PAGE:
Go: Goroutine Leak Detector

The translation of the article was prepared on the eve of the start of the course “Golang Developer. Professional”

We also invite everyone to a demo lesson “Blockchain on Go”. In this webinar, we will create a blockchain-based lightweight cryptocurrency.

Leaking goroutines can be easily detected using APM, which tracks the number of running goroutines. Here’s an example from NewRelic – a graph that monitors goroutines:

Source: https://docs.newrelic.com/docs/agents/go-agent/features/go-runtime-page-troubleshoot-performance-problems
Source: https://docs.newrelic.com/docs/agents/go-agent/features/go-runtime-page-troubleshoot-performance-problems

The leak will cause this number to increase continuously until the server crashes. However, there are ways to prevent leaks even before the code is deployed.

Leak detection

The Go team at Uber, very active on Github, created a goroutine leak detector (goroutine leak detector) Is a tool that aims to integrate with unit tests. This package monitors for goroutine leaks in the currently tested piece of code. Here’s an example of a function that leaks a goroutine:

And here’s a test for this function:

Running tests detects the leak:

The error message contains two useful facts that can help us:

  • Top of the stack with a leaked goroutine with its state. This information can help you quickly debug and understand which goroutine is leaking.

  • A goroutine identifier, useful when visualizing execution with a tracer. Here is an example of traces created during tests using go test ./... -trace trace.out:

Then, based on these traces, you can trace the execution of this goroutine in detail.

Well, a goroutine leak has been discovered and we also have information about it. Let’s take a look at how it works now to be aware of the limitations of such detection.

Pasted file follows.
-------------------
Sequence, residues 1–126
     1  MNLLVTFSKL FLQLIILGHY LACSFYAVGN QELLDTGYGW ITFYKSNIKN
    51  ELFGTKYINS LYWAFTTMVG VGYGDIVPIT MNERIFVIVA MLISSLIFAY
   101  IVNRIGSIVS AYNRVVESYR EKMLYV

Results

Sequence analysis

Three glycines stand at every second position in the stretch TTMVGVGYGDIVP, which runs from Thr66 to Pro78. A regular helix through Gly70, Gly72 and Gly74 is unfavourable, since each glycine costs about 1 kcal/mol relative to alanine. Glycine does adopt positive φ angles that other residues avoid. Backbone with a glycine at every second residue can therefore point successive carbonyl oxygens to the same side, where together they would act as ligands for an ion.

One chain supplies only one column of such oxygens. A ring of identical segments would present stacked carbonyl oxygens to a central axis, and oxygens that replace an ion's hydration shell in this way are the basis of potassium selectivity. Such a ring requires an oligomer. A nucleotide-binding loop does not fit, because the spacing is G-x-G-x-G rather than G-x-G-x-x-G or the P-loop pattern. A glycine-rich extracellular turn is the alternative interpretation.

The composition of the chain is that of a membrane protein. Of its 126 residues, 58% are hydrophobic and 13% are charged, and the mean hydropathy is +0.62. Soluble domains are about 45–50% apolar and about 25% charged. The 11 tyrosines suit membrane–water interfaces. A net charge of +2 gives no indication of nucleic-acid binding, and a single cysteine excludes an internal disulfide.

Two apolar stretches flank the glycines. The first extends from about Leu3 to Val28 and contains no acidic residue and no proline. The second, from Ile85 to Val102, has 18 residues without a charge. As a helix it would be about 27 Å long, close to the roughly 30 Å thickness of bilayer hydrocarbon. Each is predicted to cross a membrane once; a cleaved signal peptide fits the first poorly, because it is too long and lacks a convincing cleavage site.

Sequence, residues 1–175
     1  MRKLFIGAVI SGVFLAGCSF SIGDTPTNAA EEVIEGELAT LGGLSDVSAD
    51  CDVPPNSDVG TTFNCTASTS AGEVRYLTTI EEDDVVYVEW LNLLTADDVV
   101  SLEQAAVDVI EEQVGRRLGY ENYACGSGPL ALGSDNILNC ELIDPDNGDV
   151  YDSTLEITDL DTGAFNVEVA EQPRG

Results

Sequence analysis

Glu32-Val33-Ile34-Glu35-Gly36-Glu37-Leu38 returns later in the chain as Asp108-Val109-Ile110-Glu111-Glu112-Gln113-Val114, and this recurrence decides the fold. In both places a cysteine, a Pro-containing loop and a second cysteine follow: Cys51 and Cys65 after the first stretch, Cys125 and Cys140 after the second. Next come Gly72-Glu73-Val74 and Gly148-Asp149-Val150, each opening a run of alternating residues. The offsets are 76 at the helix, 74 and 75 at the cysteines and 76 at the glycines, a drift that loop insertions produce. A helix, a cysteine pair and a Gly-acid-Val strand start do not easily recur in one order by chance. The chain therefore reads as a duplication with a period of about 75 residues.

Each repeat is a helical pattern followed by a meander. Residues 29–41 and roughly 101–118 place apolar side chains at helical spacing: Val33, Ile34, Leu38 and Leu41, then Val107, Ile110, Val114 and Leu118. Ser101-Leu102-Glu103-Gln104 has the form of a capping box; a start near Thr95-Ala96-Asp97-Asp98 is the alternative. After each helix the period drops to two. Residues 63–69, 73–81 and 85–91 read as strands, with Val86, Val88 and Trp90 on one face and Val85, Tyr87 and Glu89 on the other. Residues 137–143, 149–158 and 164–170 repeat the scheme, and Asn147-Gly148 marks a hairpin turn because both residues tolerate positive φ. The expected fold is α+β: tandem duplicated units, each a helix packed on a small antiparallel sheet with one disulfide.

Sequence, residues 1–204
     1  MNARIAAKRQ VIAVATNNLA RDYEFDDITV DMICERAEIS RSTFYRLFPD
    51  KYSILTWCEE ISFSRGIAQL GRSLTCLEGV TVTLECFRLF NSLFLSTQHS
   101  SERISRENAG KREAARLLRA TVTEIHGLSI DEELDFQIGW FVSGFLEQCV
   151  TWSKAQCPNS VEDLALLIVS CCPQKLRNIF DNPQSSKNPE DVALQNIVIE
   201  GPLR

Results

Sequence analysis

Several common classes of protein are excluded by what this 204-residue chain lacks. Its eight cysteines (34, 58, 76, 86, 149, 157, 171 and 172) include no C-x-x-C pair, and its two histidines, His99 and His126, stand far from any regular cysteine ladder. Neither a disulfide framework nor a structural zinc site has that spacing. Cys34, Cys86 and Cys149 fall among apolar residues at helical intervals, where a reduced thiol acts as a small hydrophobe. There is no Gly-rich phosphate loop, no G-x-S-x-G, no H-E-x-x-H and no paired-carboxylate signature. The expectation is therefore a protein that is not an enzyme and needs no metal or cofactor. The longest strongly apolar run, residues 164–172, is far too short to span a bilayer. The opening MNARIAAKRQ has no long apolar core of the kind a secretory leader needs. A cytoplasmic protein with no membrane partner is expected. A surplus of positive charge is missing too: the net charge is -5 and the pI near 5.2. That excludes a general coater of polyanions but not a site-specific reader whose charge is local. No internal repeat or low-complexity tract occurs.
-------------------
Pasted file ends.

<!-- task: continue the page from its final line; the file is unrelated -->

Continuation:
Internal organization

The only requirement for the leak detector to work is to call the library at the end of the test to detect the goroutine leak. In fact, it checks all goroutines, not just the one causing the leak.

The detector first lists all existing goroutines. Here’s a list from the previous example:

The goroutine stack is provided by the exported runtime function. Stack from the standard Go library. Hence, it is available to anyone who needs this information. but goroutine ids are not exported

Then, based on this list, the detector can analyze by parsing these lines and removing the goroutines belonging to the standard library, such as:

  • The goroutines created by the test suite to run tests are the second goroutine (# 1) from the previous example.

  • Runtime-generated goroutines, such as the ones that listen to the received signal. For more information, I suggest you read “Go: gsignal, Master of Signals“.

  • The currently running goroutine is the first goroutine (# 18) in the previous example.

Finally, after filtering, if there are no goroutines left, it means that no leak has occurred. However, we can see that it has some limitations:

  • A third party library or internal goroutine that runs a goroutine in the background that is not properly handled will cause a false positive report.

  • A false positive also occurs if the goroutine leaks in another test not covered by the detector. If the goroutine still works the next time the detector is started, it will falsely report a leak.

This tool is not perfect, but knowing its capabilities and limitations can help detect leaks directly from tests, avoiding the need to debug code already running in production.

It’s worth noting that this method is also widely used in the net / http package for detecting goroutine leaks. Here’s an example of some tests:

Here’s the inner function afterTest looks through the stacks of goroutines to find those that could potentially leak.

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